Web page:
In an interview, Pestillo said that by giving some attention to simple "quality of life complaints" in its inefficient Cleveland stamping plant, where production was 1,100 pieces in an eight-hour shift against a standard of 1,500, the company got 2,000 pieces with no problem. "We turned the problems over to the people on the shop floor," Pestillo said. He adds: "Every worker does his job better if he is producing something that he is proud of."

That's a very Japanese approach: in a Japanese assembly plant, it's accepted practice that a worker can push a red "STOP" button on the assembly line if he has to. The knowledge that the human being, not the machine, is in ultimate control is a strong plus for worker dignity.

American managers have had a hard time getting a simple lesson like that through their skulls. Martin Douglas, a sander laid off by General Motors, wrote a brilliant and poignant piece in The New York Times on Feb. 15, in which he said:

"General Motors expects two things of a worker: come to work and do what you are told. There is no sense of teamwork or working together to solve common problems."

There has been no halo around Ford, either. Pestillo admits that until this successful negotiation with the UAW, "plant managers were told not to speak to workers while bargaining was going on. It wasn't considered good practice. But they showed up this time."

The payoff, Ford hopes, will be motivated workers who care about the quality of cars they produce. A company survey showed Ford management that 85 percent of American customers put quality ahead of price when they walk into a showroom, and Ford has placed a big bet on its future by guaranteeing virtually cost-free normal maintenance on its Escort and Lynx subcompact lines.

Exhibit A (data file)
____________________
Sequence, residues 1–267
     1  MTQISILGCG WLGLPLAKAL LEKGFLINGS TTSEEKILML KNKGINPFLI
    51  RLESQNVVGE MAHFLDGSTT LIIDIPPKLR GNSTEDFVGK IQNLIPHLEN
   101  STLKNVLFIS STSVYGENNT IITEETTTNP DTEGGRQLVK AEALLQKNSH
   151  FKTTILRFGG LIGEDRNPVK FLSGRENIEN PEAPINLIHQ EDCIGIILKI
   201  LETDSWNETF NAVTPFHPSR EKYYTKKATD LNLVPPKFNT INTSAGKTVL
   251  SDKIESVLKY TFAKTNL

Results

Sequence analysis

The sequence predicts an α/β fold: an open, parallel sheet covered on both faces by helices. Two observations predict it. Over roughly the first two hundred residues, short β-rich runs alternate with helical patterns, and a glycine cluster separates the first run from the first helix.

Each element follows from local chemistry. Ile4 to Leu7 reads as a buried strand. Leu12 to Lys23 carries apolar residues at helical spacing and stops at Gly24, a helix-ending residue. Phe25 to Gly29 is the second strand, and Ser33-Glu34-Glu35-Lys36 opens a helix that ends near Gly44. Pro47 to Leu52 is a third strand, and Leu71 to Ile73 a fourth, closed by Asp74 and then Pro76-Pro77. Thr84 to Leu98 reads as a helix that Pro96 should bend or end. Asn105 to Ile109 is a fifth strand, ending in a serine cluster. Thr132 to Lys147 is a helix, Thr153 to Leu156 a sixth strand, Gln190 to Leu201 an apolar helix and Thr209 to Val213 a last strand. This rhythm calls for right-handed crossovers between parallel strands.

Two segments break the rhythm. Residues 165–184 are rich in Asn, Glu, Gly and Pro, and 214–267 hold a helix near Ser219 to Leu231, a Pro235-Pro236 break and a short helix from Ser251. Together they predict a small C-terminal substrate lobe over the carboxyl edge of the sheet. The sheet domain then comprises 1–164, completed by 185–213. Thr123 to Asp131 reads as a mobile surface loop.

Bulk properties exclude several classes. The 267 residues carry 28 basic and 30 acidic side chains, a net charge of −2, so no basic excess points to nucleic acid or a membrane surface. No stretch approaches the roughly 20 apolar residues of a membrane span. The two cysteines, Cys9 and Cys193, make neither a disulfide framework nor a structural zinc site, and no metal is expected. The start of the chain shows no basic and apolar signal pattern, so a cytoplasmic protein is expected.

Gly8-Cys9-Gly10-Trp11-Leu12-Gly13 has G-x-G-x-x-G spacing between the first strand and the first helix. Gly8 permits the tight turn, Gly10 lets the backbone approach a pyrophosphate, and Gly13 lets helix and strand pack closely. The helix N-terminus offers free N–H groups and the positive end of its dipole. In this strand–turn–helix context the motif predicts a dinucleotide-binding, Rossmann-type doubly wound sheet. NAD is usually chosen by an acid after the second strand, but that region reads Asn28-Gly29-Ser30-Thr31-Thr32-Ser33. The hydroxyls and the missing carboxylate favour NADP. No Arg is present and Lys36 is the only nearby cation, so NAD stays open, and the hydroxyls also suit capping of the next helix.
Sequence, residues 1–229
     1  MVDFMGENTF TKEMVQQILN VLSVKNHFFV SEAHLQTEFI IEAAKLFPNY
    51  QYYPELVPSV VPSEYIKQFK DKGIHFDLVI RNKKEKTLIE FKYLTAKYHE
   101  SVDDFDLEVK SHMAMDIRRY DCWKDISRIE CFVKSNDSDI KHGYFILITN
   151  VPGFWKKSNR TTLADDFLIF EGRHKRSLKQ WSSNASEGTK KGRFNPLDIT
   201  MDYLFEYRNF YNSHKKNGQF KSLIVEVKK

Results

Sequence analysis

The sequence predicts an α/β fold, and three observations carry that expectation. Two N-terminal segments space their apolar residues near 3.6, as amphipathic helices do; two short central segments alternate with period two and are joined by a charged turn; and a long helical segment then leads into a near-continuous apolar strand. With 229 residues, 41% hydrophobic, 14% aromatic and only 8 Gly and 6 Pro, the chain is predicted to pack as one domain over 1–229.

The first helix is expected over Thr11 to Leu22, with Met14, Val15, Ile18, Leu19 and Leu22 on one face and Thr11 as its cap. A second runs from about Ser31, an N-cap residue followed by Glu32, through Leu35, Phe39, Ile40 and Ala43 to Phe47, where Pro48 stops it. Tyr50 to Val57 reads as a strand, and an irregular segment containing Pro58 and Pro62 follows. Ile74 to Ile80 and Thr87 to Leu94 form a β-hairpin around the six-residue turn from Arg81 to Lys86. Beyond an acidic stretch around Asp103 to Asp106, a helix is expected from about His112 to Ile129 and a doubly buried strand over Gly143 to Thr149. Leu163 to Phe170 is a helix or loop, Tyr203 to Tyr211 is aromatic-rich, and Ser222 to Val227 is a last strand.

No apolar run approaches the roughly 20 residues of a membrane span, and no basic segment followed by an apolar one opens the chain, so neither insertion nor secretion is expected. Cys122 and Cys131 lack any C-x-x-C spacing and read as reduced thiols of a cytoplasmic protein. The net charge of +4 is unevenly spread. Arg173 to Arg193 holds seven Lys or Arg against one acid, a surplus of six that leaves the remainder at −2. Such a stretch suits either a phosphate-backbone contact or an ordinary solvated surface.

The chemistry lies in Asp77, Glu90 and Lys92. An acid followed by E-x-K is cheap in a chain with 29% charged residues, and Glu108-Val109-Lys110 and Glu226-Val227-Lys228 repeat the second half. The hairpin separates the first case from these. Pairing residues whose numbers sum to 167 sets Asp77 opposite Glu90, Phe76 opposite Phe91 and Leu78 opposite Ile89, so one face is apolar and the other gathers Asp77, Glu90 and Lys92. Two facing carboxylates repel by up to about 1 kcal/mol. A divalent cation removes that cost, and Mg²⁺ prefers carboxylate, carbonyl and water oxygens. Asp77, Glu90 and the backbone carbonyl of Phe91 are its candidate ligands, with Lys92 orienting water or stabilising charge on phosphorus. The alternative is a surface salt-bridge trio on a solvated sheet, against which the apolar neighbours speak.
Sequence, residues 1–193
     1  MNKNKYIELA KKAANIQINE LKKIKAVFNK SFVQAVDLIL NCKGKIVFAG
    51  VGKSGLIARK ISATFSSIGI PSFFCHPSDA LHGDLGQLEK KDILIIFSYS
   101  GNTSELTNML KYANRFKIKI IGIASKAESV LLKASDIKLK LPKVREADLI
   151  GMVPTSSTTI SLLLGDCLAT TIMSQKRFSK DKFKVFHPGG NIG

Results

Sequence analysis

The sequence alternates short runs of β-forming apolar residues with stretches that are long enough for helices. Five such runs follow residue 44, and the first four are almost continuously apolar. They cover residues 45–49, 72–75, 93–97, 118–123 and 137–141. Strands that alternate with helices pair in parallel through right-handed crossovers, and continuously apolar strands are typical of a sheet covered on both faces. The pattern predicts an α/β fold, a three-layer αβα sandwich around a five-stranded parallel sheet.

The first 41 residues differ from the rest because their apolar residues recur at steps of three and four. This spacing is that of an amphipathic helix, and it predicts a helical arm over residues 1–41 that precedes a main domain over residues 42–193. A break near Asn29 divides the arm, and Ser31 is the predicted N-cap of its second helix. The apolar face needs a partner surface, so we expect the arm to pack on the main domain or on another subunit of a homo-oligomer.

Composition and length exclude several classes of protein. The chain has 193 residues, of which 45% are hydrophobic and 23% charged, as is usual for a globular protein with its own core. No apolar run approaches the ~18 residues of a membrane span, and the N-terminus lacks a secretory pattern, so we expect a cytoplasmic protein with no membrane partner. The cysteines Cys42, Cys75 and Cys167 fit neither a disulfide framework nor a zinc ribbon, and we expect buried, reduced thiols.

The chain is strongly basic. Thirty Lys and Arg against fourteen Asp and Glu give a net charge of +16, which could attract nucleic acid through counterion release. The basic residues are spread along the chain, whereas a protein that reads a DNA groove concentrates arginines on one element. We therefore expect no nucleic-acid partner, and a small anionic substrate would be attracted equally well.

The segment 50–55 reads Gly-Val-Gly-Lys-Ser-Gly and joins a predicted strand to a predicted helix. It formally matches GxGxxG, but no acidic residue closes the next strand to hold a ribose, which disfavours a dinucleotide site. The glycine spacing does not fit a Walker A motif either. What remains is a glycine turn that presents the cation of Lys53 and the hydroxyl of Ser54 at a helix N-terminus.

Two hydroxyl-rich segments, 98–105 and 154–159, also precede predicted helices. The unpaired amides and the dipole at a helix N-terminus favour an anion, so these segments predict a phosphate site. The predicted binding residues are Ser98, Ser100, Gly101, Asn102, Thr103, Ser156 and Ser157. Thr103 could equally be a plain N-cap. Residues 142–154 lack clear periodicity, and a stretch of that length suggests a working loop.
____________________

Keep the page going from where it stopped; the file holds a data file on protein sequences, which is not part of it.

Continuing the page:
"If you demand quality, you get it--and I think we are there now," Pestillo said. When he and Ephlin came back from Japan last year, he said: "We've begun to tell our people what is wrong with the product . . . what needs to be done. Heretofore, we haven't bothered too much with that and now we are doing it. I think it is showing up in the product."

Sounds simple--basic communications. But just play back the above quote from GM's laid-off Martin Douglas.

Ford and the UAW have taken a gutsy step, together. It's not easy to ask workers to give back pay concessions that they've won, but the recession is extremely useful to concentrate the mind. Japan has won a share of the U.S. auto market that is now greater than the Ford and Chrysler shares together.

The union and the company have met the situation with their own private "incomes policy" that one hopes will work to their advantage, and to that of the consumer. The Japanese make a high-quality product, but as Pestillo says, they are not invincible. On the other hand, they've been a lot smarter, and it's good to see one company begin to wise up. So kudos to Pestillo and Ephlin. Maybe General Motors is just too big for its own good.